“The pilot really represents a compromise and a lot of patience and perseverance,” Baile says. “One thing I didn’t want was for it to be policed by a lone township enforcer. I think it would be difficult for someone to enforce the pilot if they didn’t know anything about chickens.”
The pilot’s rules include a four-hen cap, a strict ban on roosters and specifications about backyard coops and owner responsibilities. The coop must be clean, safe for the chickens and located no fewer than 20 feet from the nearest house.
“We want to be very cognizant of our neighbors and very cognizant of what’s best for our chickens,” Baile says. “We make the coops as attractive as possible and entirely predator-proof.”
Each participant was required to attend a two-hour class on chicken ownership prior to receiving their pilot license. Baile also visited each home, giving advice about coop placement.
“The class is called ‘The Basics of Backyard Chickens in the Suburbs and City,’” Baile says. “I insisted they take the class so we could be sure they knew what they were doing. Ultimately we want the pilot to have every opportunity for success.”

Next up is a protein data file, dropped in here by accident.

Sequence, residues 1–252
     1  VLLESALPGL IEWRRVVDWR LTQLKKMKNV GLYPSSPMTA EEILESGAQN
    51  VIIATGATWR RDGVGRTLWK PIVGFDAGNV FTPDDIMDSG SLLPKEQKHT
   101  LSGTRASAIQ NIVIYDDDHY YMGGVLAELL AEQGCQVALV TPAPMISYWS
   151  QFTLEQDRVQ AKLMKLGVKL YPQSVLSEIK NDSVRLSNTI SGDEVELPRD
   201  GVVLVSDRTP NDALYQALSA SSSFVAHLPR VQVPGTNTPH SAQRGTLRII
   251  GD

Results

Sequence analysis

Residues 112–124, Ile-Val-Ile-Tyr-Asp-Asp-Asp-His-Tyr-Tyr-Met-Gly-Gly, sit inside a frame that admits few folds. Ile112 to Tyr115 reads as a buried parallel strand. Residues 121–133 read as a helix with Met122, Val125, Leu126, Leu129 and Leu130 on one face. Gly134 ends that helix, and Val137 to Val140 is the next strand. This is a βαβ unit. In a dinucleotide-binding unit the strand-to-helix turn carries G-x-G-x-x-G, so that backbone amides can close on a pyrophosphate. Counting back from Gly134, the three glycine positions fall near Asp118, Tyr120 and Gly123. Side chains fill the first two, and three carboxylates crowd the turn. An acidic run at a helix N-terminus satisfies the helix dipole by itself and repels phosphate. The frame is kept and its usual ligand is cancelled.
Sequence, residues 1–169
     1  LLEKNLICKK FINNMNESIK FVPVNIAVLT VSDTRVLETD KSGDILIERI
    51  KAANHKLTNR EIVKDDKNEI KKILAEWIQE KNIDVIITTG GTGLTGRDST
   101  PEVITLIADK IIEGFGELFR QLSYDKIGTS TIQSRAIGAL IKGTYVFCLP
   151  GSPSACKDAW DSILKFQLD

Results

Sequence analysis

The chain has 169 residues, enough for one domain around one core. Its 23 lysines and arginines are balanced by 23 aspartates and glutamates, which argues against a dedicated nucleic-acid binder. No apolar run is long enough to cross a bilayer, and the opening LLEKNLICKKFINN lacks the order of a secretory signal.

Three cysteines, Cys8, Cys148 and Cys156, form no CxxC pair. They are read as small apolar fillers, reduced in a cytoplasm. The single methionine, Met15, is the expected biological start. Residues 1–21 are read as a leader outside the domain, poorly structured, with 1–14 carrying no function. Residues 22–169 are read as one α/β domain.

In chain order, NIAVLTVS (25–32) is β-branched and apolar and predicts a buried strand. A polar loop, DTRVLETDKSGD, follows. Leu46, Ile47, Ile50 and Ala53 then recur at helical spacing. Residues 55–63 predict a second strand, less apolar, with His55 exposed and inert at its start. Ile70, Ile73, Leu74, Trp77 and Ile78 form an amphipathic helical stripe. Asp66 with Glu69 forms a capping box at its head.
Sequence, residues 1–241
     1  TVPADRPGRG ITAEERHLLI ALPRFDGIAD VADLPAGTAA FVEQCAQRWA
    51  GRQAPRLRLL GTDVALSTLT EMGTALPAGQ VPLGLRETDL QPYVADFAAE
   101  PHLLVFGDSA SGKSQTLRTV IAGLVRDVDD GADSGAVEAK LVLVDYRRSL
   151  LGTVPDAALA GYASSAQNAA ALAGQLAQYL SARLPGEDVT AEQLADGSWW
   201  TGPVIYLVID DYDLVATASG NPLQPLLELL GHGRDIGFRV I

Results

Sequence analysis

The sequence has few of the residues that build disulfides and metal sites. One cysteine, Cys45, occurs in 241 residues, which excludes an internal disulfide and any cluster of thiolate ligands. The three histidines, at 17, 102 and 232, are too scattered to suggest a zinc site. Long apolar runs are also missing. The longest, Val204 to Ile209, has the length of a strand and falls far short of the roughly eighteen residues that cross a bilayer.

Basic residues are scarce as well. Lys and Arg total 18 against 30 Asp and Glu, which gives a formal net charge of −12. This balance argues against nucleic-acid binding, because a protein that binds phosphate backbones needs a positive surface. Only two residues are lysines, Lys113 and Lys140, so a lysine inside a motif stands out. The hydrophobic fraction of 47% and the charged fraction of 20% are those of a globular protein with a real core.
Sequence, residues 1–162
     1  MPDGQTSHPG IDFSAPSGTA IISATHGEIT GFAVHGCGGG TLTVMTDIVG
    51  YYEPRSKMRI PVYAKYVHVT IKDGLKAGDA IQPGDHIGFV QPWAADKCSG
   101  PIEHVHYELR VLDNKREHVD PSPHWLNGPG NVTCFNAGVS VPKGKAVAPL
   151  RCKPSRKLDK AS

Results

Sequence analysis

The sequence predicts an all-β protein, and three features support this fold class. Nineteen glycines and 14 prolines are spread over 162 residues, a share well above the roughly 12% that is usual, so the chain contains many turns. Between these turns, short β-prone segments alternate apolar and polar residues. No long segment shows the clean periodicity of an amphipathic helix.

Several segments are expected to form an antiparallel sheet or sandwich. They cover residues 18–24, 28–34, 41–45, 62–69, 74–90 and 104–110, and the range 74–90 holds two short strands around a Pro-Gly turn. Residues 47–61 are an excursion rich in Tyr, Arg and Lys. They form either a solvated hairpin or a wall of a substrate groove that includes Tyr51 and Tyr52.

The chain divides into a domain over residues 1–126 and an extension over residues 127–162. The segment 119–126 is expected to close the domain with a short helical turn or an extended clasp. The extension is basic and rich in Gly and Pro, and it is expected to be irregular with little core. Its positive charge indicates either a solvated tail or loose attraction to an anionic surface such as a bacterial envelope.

While some families in the pilot see their chickens as a simple source of protein, Baile’s hens Iris, Marigold, Rosebud and Haddy (named for Haddon Township) are beloved pets.
“I will never eat chicken again, because I have too much of a connection with these chickens now,” she says. “I love them to death. They’re so much fun, and every day with them is a learning experience.”
Other towns have followed Haddon Township’s lead when it comes to backyard chickens. Woodbury recently introduced a pilot program based largely on Baile’s. The inquiries she receives from towns all over South Jersey prompted Baile to form Camden County Chickens, a networking group that meets regularly to discuss local ordinances and ongoing pilots.
“I do think it’s a movement,” Baile says. “Just like we have the local food movement and the environmental justice movement. This is the backyard chicken movement.”